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Jun 19th 2010 6:03PM I'm with Jonathan Gold - basil has no place in a classic carbonara. Maybe it adds some color to the photo but detracts from the complex flavors that make carbonara the rich dish it is. I make mine a million different ways, duck confit, guanciale, anchovies...but not with green things. Carbonara is creamy, heavy, and umame. Add basil if you want but don't call it carbonara on the internet.
Jun 19th 2010 5:57PM meh, I think 'some' is perfectly acceptable - you should try cooking with my grandmother. I'd love to even have a complete ingredients list. The spirit of a dish is never captured by adding 50 mL of this or 1 cup of that. Recipes are general outlines that are likely to produce something close to what is intended.
May 7th 2010 3:10PM not to be preachy but what about consolidated food processing plants makes food safer? They do a great job of guaranteeing widespread foodbourne illness outbreaks. I don't understand that piece of the "Modernization of Food Safety Act" now in congress. Small farms have a great track record and forcing them out of business or into this system won't make me sleep easier.
Apr 7th 2010 10:46AM @Michael but I never hear people complain about bbq more than NC style. My favorites are subtle NC bbq or hybrid varieties that have some vinegar but components of other bbq styles from around the country.
I have to say I don't love the 'bread' that comes with good bbq. Hearty artisan bread doesn't fit either but at least its bread. The soft, sweet, dough-ball crap everyone eats ruins it for me. I understand I'm a yank out of place in the south but never should a meal include bread-like food product glued to the roof of your mouth (or melting in your hand) nor diabetic-coma sweet tea. Allen and Son in Chapel Hill has been my best "authentic" bbq experience in NC. The pork was pulled, not shredded, and lightly vinegared. The tea was sweet but subtle and not syrup.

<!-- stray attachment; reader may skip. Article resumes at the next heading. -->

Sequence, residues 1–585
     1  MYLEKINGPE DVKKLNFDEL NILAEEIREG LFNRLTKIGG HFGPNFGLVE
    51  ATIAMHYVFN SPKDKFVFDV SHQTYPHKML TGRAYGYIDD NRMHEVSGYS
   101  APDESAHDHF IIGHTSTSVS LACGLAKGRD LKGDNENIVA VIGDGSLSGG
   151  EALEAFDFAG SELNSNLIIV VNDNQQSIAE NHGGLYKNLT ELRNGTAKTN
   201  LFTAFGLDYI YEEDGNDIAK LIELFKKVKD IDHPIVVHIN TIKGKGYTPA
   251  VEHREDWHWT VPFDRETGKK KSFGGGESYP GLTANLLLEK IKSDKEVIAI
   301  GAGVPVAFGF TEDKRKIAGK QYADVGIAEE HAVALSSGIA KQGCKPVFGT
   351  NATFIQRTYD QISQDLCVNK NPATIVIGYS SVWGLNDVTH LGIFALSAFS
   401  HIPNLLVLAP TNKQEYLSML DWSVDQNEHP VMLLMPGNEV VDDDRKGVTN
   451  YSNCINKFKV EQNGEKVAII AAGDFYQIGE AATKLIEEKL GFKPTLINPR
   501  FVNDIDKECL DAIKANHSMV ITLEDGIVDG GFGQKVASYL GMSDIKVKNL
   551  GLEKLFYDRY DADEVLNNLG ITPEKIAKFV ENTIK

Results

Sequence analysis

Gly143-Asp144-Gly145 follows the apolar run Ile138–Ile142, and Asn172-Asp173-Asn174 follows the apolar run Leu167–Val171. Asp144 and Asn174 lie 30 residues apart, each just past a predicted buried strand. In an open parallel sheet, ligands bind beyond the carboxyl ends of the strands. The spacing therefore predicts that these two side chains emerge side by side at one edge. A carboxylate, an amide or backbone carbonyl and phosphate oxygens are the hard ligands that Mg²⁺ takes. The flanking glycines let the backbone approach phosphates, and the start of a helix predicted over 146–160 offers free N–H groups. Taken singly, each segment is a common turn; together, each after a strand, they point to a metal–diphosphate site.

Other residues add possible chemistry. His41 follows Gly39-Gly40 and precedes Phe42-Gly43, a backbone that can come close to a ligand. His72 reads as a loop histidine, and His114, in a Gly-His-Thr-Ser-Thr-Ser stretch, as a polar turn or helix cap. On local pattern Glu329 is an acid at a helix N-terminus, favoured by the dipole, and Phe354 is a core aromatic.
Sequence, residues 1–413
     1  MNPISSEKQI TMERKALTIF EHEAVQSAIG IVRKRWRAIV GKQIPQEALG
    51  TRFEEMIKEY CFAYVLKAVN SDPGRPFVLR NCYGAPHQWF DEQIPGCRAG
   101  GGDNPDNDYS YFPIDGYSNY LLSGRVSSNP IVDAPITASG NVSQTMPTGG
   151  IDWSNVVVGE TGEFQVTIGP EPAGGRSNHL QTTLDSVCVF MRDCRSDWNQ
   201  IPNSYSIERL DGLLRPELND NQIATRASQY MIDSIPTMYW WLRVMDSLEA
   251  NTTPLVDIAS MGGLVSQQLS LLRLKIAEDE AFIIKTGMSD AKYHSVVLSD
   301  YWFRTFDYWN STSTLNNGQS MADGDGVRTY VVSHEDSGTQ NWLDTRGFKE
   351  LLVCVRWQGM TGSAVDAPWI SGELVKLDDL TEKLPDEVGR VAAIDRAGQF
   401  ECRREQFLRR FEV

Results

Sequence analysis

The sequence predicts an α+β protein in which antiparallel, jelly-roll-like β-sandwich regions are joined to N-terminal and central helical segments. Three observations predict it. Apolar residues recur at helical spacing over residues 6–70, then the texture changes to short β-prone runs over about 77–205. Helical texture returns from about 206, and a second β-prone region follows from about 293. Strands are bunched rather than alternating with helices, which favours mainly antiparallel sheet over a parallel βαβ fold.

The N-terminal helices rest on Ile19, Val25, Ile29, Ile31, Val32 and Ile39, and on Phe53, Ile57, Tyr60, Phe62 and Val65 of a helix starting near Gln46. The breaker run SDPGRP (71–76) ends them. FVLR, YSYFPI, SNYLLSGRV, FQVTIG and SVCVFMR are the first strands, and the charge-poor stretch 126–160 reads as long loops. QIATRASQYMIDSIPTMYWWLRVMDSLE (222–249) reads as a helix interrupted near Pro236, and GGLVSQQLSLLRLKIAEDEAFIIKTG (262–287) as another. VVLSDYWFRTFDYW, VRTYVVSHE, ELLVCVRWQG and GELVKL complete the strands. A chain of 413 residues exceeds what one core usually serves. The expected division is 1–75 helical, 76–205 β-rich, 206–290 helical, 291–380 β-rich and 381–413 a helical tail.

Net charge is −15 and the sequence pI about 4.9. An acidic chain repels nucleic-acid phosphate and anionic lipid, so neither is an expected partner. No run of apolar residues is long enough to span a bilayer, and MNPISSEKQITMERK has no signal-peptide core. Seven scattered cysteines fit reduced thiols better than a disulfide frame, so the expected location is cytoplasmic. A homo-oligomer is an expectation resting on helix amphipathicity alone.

Mar 7th 2010 7:50AM @Brad
I don't think you can take Food Inc at face value or anything else for that matter. Its another data point we all can use to make up our minds. Feeding the world is not an easy problem to solve. Growing more food isn't the only solution. We need cut back the some 1200cal/day that americans throw away. We need to cut back the some 3500+cal/day we eat. I don't expect your position to change I hope you can grant me the same.
I'm no fan of government mandated regulations nor am I a fan or a few special interests dictating how the whole country runs. True or False what I said is the premise of the movie and the argument being made. No one sees farmers as the problem tho they are made to look like helpless pawns. There is a lot of accumulated wisdom in conventional farming but the point is we've taken it too far. We always take things too far. You hit the nail on the head saying "Methane is not the only source of elemental hydrogen in the world, but it is the cheapest" - sure we could use the astronomically more expensive electrolysis of water but we will always use the cheapest (today) fuel source until its gone and then worry about the next thing. I think that destroying mountain tops for coal and rain forests for beef will come back and bite us.
I disagree about super-weeds and bugs. Industrial Ags biggest supporter, Monsanto, expects their products to become less effective over time and actively develops new technologies to replace the old ones. If you take antibiotics as an example there are many that are now ineffective against a number of microbes and newer, more toxic antibiotics have to be found and developed. MRSA is a huge problem that came from the overuse of the best tool we've ever discovered. Pesticide resistant weeds are around - do you really want even more toxic material on your food (which degrades into other toxic material)? Creating superpests is only one of the issues surrounding petroleum based farming additives. Runoff causes all sorts of problems downstream ending with deadzones in the oceans.
>"It is cheaper to use ammonia-derived fertilizers to replenish the soil than it is to rotate high-cost low-return legumes and the like."